Ending Ageism

Rabbi Susan Elkodsi

While standing in an interminable line waiting to register for the World Scout Jamboree, I sat down on the curb. Let’s just say that standing up again was a challenge. Someone standing near me said, “I bet you used to be able to just spring back up!”. My first thought was to agree that I was “getting old,” but I stopped, and truthfully replied, “Actually, I’ve never been able to spring back up.”

After watching a TED Talk by Ashton Applewhite called “Let’s End Ageism,” I’ve decided that I’m no longer going to buy into myths about aging, and I’ve stopped sharing the funny cartoons and comments about aging that come through my Facebook feed. I no longer have “senior moments,” because like Applewhite, I’ve been misplacing my keys since I was old enough to have a set! Self-deprecating humor has its place; it can help diffuse tension, and it’s something we can often identify with. However, there’s a fine line between laughing at one’s self and perpetuating damaging myths.

There’s no question that ageism is discrimination, and it’s the last remaining acceptable form of discrimination, largely because we “aging” individuals not only buy into it, we perpetuate it by trying to look and act younger, by commiserating with others, and by willingly spending our hard-earned dollars on things that promise to help us find the proverbial Fountain of Youth.

In our quest to “turn back the clock,” to fight and eliminate visible signs of aging, and to ultimately prolong our lives, we spend billions of dollars on anti-aging products and treatments that might have questionable benefits. Consider, for example, a post on InStyle.com last October (https://bit.ly/31ijlQY) which looked at the cost of three brands of just one type of anti-aging product – a face cream. I’ll spare you the math hear, but daily use of said cream – a “drug store” brand – cost nearly $12,000 per year! Millions of people will buy that cream and then balk at the idea of paying for a health-supporting medical treatment that isn’t covered by insurance or Medicare.

For that $12k, I could have about 200 sessions with a personal trainer helping my body and brain stay in good physical condition. I could take one heck of a vacation, learn a new skill, or take up a new hobby which would feed my soul.

In the interest of full disclosure, I color my hair, I go to the gym, and I frown when I see wrinkles and spots that I swear weren’t there yesterday. Not everything is as easy to do as it used to be, but anything that reaches the age of 60 is going to need a little work, both structural and cosmetic.

Eventually, I hope that everyone will embrace Judaism’s teachings that the elders in our society are to be respected, cherished and looked to as mentors and keepers of the past. Until then, I’m going to do my best to be a terrific 60-year old, and I challenge you to embrace your age; it’s not always easy, but a change in how we see ourselves as we age can have a profound impact on how others see us.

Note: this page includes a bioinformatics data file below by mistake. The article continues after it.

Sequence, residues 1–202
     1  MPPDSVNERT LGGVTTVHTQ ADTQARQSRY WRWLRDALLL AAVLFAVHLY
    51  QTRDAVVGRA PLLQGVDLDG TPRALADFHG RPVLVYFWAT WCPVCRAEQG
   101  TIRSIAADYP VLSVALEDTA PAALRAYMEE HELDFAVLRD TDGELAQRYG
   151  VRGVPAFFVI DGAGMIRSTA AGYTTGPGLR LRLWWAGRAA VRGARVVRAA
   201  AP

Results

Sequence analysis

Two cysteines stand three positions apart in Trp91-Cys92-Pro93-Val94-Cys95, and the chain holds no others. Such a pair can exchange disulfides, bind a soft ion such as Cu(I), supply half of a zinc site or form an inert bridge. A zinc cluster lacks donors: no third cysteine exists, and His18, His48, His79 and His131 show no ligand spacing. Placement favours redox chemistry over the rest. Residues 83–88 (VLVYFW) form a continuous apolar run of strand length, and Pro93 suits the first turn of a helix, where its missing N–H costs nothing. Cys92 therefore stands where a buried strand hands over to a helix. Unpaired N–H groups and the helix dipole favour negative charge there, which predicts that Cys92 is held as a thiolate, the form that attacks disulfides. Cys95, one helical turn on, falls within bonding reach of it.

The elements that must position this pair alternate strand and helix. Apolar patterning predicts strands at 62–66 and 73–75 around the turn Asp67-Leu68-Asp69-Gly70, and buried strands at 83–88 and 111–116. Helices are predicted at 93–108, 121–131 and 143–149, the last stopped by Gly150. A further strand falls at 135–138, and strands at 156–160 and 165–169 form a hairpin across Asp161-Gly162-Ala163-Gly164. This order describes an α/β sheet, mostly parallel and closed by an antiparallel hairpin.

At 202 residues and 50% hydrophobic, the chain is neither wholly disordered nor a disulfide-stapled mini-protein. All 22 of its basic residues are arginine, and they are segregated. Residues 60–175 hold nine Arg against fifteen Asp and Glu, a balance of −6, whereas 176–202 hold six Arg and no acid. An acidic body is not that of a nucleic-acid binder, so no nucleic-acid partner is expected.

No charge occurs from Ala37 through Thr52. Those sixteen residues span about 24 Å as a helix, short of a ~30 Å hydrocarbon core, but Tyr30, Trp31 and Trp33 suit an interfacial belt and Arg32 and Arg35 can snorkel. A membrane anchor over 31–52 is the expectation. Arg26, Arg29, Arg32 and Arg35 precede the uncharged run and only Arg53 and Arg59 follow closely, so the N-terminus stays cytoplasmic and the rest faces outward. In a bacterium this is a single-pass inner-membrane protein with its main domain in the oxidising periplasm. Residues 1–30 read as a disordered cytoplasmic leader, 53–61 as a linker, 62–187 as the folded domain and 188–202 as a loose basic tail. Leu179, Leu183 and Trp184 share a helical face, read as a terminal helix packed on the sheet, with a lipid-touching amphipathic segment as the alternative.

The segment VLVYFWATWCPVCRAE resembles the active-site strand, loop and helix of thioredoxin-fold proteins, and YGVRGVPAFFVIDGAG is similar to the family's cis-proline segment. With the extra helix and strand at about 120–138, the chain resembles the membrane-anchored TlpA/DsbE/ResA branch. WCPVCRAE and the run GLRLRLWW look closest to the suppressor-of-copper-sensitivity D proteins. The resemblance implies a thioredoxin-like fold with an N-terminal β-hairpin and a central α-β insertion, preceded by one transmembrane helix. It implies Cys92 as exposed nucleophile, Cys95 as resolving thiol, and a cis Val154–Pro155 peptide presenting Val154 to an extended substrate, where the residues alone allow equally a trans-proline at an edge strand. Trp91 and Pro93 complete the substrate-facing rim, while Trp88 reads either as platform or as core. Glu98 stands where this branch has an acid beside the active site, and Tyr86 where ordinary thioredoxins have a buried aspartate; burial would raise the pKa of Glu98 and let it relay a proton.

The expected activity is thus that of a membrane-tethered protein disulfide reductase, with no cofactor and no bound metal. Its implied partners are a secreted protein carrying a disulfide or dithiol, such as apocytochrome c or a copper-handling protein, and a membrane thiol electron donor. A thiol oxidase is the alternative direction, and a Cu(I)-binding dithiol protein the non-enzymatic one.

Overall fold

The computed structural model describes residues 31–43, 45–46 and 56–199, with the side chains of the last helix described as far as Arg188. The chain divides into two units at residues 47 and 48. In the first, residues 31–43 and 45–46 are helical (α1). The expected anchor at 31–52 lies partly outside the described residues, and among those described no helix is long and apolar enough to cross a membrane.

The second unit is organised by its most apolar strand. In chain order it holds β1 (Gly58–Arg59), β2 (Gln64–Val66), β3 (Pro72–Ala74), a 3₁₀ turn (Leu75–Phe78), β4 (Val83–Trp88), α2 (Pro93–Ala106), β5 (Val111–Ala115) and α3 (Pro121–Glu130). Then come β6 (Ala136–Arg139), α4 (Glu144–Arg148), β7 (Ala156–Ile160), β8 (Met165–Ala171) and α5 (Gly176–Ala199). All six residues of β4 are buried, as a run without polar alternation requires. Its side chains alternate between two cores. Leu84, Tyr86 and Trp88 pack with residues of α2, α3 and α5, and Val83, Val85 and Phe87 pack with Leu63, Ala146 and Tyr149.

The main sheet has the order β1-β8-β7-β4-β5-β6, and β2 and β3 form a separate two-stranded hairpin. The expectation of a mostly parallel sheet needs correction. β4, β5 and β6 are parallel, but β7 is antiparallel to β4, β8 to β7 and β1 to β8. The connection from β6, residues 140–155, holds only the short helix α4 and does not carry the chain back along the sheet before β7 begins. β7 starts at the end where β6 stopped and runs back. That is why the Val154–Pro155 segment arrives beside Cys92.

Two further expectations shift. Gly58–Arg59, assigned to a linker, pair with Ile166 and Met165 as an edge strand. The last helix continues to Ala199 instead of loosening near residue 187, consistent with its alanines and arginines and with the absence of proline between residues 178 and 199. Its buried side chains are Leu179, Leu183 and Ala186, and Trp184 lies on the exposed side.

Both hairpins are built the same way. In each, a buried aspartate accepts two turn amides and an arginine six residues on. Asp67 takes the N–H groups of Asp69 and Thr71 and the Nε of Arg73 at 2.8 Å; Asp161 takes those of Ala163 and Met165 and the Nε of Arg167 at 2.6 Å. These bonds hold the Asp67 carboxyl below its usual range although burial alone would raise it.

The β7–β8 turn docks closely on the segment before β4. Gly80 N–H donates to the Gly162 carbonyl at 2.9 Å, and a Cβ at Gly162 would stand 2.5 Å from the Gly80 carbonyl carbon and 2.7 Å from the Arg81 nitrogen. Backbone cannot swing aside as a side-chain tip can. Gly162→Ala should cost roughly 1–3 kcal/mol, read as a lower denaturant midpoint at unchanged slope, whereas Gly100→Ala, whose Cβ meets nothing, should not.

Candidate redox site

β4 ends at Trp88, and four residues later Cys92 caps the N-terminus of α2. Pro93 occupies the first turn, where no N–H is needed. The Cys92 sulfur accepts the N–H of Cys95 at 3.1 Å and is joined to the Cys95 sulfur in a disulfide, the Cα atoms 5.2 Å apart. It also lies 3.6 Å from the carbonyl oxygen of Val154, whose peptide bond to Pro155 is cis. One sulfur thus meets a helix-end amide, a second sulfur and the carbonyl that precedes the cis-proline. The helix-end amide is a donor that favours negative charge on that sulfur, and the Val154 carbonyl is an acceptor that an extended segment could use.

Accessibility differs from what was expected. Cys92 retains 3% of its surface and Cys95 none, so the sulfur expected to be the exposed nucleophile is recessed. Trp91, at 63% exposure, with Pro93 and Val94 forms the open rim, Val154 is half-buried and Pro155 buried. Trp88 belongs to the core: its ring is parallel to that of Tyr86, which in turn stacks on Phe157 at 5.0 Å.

About Rabbi Susan Elkodsi
Susan Elkodsi is the rabbi and spiritual leader of the Malverne Jewish Center in Long Island, New York. She was ordained by the Academy for Jewish Religion, the country's first pluralistic rabbinical and cantorial seminary, in 2015, fulfilling a life-long dream. Her goal is to help Baby Boomers and older Jewish adults create meaning and purpose in their lives, in a Jewish context, but not the one they might have been traumatized in growing up. Rabbi Elkodsi recently completed a Certificate in Gerontology and Palliative Care through Yeshiva University's Wurzweiler School of Social Works, and looks forward to incorporating this new knowledge into her current work. She and her husband David have two grown children, Phillip and Jacqueline, and in her spare time enjoys knitting and spinning her own yarn.

9 Comments

  1. Very well written, I agree on the importance of embracing our age.

  2. Great article! So much of aging of how we see ourselves – our self-identity and our mindset.

  3. A very poignant story. Writing about a specific occurrence in our own life is one of the best ways to get the message across. Rabbi Elkodsi’s article accomplishes this well.

    • Thank you, Ruth, I appreciate your kind words. Turning 60 has certainly opened my eyes, heart and mind to the language we use to talk about ourselves.

  4. This is a very meaningful, well written and honest take on the struggle we all eventually experience.

  5. As a fellow sixty-someone, I agree with you! We could certainly use more respect in our world & who knows the youngsters might even learn a thing or two from us! Thanks for sharing, J Cuchel

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